Investors and shareholders that read in the introduction to this blog post that 68% of managers acknowledge their management accounting information is deficient will very likely respond with: Whaaaaaaat? To which the management accountants among us would say: Exactly! And, quite frankly, the situation is worse than what it seems at first. In the 2003 E&Y study 83% of managers responded that they did not intend to spend any money rectifying the problem with their costing information. And in the 2012 parallel study that percentage was 79%. So, we are flying a skedonk of an aircraft and we are simply not interested in fixing it!
I have spent almost two decades in the aviation industry and as with most industries, there are tales of high folklore that sticks with you. One incident comes to mind, as reminiscent of what is going on in management accounting. It goes like this: The pilot recorded on the snag sheet in the cockpit: “Aircraft rough on autopilot landing.” On arrival at the destination airport, the technician collects the snag sheets and he must formally document and sign as to the steps he took to resolve the problem. In this particular instance, the technician’s response read: “No autopilot installed on this aircraft.” Now, that is what you call flying by the seat of your worn out pants!
But guess what? For the most part managers are not to blame for sticking with General Ledger information as their autopilot. For them it is a case of once bitten twice shy. After the advent of ABC, TOC, Lean Accounting and many more methods, management could never get a clear answer on what is right and what is wrong. We documented as far back as the late 90’s instances of companies that got themselves into the fixed cost death spiral using ABC information. Moreover, these management accounting methods often contradict each other over which option to choose in a particular decision scenario. See for example this article in our document library (Debating the Principles).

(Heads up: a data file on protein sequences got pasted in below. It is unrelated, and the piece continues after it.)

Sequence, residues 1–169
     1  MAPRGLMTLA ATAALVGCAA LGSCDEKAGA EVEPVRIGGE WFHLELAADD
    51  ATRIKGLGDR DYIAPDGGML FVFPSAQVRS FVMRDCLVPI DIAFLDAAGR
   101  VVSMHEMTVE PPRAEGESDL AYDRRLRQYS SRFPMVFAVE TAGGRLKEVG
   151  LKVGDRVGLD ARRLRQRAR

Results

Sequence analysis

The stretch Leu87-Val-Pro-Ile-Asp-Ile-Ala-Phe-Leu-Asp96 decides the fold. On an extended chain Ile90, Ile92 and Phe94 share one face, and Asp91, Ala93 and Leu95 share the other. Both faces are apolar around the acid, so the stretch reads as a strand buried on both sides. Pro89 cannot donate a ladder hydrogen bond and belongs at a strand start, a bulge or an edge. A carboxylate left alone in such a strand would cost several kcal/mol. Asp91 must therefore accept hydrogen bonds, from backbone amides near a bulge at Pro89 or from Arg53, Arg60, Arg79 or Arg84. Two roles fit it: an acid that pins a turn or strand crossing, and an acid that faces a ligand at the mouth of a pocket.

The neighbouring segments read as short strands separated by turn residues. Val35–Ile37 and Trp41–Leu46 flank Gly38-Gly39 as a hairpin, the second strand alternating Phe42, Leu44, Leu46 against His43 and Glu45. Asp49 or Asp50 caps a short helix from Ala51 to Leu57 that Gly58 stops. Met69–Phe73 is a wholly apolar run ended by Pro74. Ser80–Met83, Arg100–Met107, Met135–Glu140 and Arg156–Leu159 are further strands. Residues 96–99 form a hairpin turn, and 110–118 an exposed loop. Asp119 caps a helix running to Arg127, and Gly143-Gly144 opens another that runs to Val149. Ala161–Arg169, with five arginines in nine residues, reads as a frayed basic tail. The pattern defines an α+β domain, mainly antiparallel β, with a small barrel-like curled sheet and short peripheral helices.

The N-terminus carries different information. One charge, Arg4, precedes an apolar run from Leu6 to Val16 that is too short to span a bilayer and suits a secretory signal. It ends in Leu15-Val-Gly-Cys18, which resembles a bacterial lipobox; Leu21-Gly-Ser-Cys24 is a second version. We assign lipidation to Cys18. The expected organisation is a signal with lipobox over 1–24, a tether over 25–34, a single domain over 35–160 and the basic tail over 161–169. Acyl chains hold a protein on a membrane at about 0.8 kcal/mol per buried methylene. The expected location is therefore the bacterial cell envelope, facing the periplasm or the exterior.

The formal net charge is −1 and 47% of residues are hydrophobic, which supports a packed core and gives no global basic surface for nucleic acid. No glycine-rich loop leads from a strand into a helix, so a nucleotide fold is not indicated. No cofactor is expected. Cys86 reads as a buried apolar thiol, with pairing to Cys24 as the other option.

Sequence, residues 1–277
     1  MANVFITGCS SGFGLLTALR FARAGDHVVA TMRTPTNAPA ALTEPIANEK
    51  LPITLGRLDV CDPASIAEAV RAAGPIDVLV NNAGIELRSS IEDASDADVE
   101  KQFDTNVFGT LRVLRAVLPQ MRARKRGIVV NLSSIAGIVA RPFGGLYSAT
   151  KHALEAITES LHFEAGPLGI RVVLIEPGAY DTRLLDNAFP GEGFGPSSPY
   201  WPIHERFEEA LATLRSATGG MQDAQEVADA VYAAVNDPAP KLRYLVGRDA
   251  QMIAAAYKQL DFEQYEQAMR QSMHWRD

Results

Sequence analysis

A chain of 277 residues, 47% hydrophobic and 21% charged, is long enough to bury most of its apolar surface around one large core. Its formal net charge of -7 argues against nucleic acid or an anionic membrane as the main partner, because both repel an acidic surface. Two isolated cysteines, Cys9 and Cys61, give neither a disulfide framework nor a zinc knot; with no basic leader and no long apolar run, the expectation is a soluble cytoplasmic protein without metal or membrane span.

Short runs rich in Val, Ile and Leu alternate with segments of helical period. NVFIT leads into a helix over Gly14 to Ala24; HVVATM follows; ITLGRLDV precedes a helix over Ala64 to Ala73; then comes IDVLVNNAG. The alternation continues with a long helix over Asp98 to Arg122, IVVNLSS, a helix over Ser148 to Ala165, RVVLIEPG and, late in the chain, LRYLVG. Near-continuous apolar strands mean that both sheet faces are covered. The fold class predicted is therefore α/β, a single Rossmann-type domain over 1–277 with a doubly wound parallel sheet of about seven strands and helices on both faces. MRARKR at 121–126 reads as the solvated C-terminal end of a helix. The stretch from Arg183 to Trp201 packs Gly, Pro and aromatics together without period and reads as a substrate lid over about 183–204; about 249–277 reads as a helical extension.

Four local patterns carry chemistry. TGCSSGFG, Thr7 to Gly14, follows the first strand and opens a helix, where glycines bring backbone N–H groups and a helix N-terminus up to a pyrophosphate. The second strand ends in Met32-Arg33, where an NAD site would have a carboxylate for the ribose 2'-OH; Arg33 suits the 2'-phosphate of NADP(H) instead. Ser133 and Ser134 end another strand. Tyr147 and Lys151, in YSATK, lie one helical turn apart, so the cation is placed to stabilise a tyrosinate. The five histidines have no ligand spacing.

The long and the short of it is that by the early 2000’s management accounting, with its sea of different methods and zealots to boot, managed to alienate their customers—the managers. And this is the essence of the problem. If your experience has been that the last time you turned your skedonk of an airframe over to the technicians—to fix it—and it crash landed on the first flight out (e.g., you ran into the fixed cost death spiral), why would you turn it over to them now? So management would rather stick with what they are familiar with—standard costing for GAAP—than risk falling out of the sky.
Management accounting needed to get its house in order. Something had to be done about the cacophony of contradictory methods that the snake-oil peddlers were trying shove down managers’ throats. Help came from an unexpected source: philosophy. In our next blog we will look at a movement that started in 2007, which has arguably cast the foundation to fix what ails management accounting and effective decision support.
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